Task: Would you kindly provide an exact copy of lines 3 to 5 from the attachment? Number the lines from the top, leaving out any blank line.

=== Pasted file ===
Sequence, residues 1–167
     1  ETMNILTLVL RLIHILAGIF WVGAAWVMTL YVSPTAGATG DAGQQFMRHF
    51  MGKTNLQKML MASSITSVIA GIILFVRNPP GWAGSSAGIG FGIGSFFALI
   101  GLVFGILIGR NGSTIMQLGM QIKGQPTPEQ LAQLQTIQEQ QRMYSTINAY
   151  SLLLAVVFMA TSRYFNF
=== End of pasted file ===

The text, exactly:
    51  MGKTNLQKML MASSITSVIA GIILFVRNPP GWAGSSAGIG FGIGSFFALI
   101  GLVFGILIGR NGSTIMQLGM QIKGQPTPEQ LAQLQTIQEQ QRMYSTINAY
   151  SLLLAVVFMA TSRYFNF